Two years later, after a pilot program, campus-wide survey, town hall, and multiple meetings with administrators, the UC and a menstrual hygiene advocacy group convinced the College to finally make that platform a reality.
“I’m from New Delhi, India, where there’s a lot more awareness and enthusiasm about provision of free products, and I thought Harvard, being the best college, should definitely have it,” Agrawal said. “If the College can provide free condoms, why can they not provide free tampons?”
Over the summer, the College worked with House building managers to install a dispenser in each upperclassman House and freshman yard that will provide tampons and pads.
The dispensers, which custodial staff will fill regularly, are mostly located in gender-neutral restrooms in order to reach students who may not be comfortable in a women’s bathroom, according to UC Vice President Nicholas D. Boucher ’19.
The process of gaining financial backing for the initiative from administrators was a long one.
After Agrawal was elected in 2016, discussions of the issue began to occur more widely within the Council. And outside of the UC, an advocacy organization on campus called the Hygiene Campaign — now known as PERIOD — ramped up efforts to win administrators' approval for efforts to make menstrual products more accessible.
When advocates for the program brought the proposal to College administrators, they said they would require “extensive data” demonstrating need for the products before they might consider funding such a large-scale program, according to Agrawal, now the chair of the UC’s Student Life Committee, and Emma Y. He ’19, president of PERIOD.
UC and PERIOD leaders got to work collecting that data.
In the spring of 2017, the Council allocated $1,000 for a pilot program in freshman dorms. In fall 2017, the pilot was expanded to four upperclassmen houses. By all accounts, the initiative was successful, with supplies frequently exhausted due to high demand.
Still, student leaders wanted to bring a stronger case to administrators, so the Council commissioned a survey to ask students about the prospect of wider availability of menstrual products.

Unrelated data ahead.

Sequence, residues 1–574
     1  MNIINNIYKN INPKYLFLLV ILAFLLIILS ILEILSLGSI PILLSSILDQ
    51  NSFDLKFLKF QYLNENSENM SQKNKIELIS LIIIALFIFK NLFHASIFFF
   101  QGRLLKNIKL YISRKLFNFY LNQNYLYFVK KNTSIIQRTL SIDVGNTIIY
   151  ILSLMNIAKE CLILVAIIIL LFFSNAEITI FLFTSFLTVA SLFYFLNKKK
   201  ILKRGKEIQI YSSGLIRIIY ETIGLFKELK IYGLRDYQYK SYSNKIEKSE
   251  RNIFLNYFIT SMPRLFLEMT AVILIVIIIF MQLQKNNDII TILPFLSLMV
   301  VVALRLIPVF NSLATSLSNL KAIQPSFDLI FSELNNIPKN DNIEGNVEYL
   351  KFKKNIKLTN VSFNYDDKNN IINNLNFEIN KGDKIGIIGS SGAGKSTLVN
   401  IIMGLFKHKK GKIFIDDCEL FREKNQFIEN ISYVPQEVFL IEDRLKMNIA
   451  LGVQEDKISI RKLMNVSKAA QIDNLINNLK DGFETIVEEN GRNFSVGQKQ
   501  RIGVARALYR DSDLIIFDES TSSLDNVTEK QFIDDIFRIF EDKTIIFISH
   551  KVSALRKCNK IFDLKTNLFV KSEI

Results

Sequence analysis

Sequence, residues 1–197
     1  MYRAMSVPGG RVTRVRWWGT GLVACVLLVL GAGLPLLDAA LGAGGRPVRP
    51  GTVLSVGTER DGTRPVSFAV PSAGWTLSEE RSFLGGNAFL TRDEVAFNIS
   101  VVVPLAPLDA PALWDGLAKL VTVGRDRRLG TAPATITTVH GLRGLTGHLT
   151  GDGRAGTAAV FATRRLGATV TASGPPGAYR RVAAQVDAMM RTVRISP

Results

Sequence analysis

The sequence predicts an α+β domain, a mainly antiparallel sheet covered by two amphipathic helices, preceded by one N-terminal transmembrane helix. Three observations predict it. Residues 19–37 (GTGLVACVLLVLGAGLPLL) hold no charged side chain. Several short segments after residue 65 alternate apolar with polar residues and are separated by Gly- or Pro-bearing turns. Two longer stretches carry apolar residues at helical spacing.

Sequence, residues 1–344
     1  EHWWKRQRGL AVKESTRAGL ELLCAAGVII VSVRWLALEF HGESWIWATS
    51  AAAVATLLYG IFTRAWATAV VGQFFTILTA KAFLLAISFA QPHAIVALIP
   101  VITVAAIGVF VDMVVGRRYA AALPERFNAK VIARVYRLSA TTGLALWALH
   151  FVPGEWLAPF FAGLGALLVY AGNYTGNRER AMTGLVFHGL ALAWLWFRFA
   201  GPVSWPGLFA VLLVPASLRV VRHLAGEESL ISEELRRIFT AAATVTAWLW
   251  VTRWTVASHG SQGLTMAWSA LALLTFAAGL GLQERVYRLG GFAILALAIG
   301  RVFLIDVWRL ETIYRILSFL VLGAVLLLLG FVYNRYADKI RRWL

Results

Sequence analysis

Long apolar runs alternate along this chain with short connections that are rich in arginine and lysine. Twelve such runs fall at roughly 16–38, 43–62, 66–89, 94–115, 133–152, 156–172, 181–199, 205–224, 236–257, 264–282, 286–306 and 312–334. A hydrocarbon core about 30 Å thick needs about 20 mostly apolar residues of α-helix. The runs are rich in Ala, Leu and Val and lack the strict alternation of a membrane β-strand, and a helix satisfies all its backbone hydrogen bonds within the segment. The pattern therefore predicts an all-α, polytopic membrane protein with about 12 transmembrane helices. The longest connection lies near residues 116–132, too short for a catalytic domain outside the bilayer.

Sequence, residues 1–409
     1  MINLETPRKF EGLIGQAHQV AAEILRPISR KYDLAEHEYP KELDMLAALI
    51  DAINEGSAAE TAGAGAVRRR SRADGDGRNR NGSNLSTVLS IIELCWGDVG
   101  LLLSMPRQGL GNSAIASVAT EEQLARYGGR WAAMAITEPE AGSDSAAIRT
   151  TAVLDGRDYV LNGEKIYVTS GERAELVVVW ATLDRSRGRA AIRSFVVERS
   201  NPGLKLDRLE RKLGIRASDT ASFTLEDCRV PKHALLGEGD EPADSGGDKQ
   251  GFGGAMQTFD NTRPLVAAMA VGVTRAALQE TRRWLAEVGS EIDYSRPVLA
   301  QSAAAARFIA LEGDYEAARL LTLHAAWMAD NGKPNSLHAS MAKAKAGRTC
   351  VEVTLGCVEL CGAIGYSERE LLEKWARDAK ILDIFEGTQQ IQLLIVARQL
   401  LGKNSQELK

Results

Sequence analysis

In recent years, UC surveys have received relatively low response rates, most likely a reflection of a broader lack of student engagement with Council affairs.
This time was different, though. Over 2,000 students responded to the menstrual hygiene survey, the most of any survey in UC history.
One question appeared designed specifically to appeal to administrators: "Do you think that the College should provide students with free menstrual hygiene products in all dorms and public places such as libraries etc.?" the question read.
Over 97 percent of respondents responded ‘yes.’
With a strong case for student need for hygiene products in tow, UC leaders went back to administrators to ask for funding once again. This time, administrators “immediately” consented, Boucher said.
“We felt that the cost was modest relative to the demonstrated need, so we didn’t feel it was an undue burden and we went ahead with it,” said Zak Gingo, Harvard’s Senior Director of Operations.
For He, the availability of menstrual products is a matter of gender equality.
“I think it is normalized in our society that we expect menstruators to carry their tampons and pads around, but if you actually think about it, it makes no sense, and it is extremely gendered,” she said. “It’s more about access to education because so many people are late to class or they skip class because they don’t have a tampon or pad on them.”
Though UC and PERIOD leaders said they were encouraged by administrators' willingness to fund dispensers in Houses and dorms, their ultimate goal would be to make hygiene products available in a significant number of academic buildings around campus as well.
“For now, though, we could not be more excited to see that this is here for the start of the year,” Boucher said.
—Staff writer Jonah S. Berger can be reached at email@example.com.
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